Status Launches a 'Tap-to-Pay' Crypto Hardware Wallet
Status, the ethereum messaging app and mobile browser startup, has relaunched their cryptocurrency hardware wallet under a new name: the Keycard.
Developed entirely open-source, the wallet will first be distributed to interested blockchain developers for free and later sold directly from Status’ website at $29 apiece.
The hardware, as highlighted by CTO of Status Guy-Louis Grau, is “the exact same shape as a Visa card you have in your wallet today.”
Speaking to CoinDesk, Grau added:
“[Keycard] is contactless. It’s going to work with your mobile crypto wallet. You’ll just need to tap your Keycard on a mobile device to sign transactions. Functionally speaking, it’s really a hardware wallet but it works with mobile.”
According to the firm, the Status Keycard is compatible with several cryptocurrencies including bitcoin, bitcoin cash, litecoin, XRP, ether and all ethereum-based ERC20 tokens.
The first batch of Keycards is expected to arrive in the mail to interested parties by early March. but according to Grau. they won’t be user-facing initially.
“We’re not announcing a full end customer product with Keycard,” Grau said. “We’re releasing a tool actually. That’s the way it should be seen. At this stage, it’s a tool for third-party blockchain projects that want to secure their application with a cost effective hardware wallet.”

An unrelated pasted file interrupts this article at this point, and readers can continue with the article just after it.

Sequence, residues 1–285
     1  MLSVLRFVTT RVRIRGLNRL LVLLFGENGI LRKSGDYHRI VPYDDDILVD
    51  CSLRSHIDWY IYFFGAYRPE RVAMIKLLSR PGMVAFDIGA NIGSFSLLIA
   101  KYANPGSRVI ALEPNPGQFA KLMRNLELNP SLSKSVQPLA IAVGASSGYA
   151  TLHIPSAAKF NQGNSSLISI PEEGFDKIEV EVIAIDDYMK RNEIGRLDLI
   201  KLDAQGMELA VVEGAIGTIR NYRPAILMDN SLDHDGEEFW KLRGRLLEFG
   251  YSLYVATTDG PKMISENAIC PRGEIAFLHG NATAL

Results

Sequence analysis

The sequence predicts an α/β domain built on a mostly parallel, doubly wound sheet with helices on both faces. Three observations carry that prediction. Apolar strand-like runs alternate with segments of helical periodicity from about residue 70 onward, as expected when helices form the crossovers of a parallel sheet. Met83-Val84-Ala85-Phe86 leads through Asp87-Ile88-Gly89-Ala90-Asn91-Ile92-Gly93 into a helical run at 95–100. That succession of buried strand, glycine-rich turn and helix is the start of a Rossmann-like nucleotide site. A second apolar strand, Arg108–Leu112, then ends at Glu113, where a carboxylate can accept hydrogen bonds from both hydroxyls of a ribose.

Adding that the integration of Keycard into Status software for end-users specifically will be released later this year, Grau also explained that Status, unlike most other cryptocurrency wallet manufacturers, wants to encourage people to build the card themselves.
And in order to reduce the barrier to entry for blockchain projects to do so, the Keycard API – which is the codebase integrating with hardware to perform a number of different applications such as storing private keys, signing transactions, tap-to-pay, and more – runs on common, standardized technology that has been around for over 15 years.
“Our software is open and runs on Java Card so if a third-party project wants to build its own Keycard, they would use our open-source software and they just need to have it run on the Java Card – which is available through hundreds of manufacturers since it’s such a common hardware,” highlighted Grau.
Indeed, emphasizing that the security of any cryptocurrency hardware wallet “is tightly linked with openness,” Grau added:
“Security should be able to be assessed by anyone. That’s why software and hardware needs to be open. That’s the first and most important thing. And then as much as possible, use widely used hardware platforms.”
Status’ Keycard is now available for developers to review on Github and can also be ordered for early delivery next month through the official website.
Keycard image courtesy of Status.IM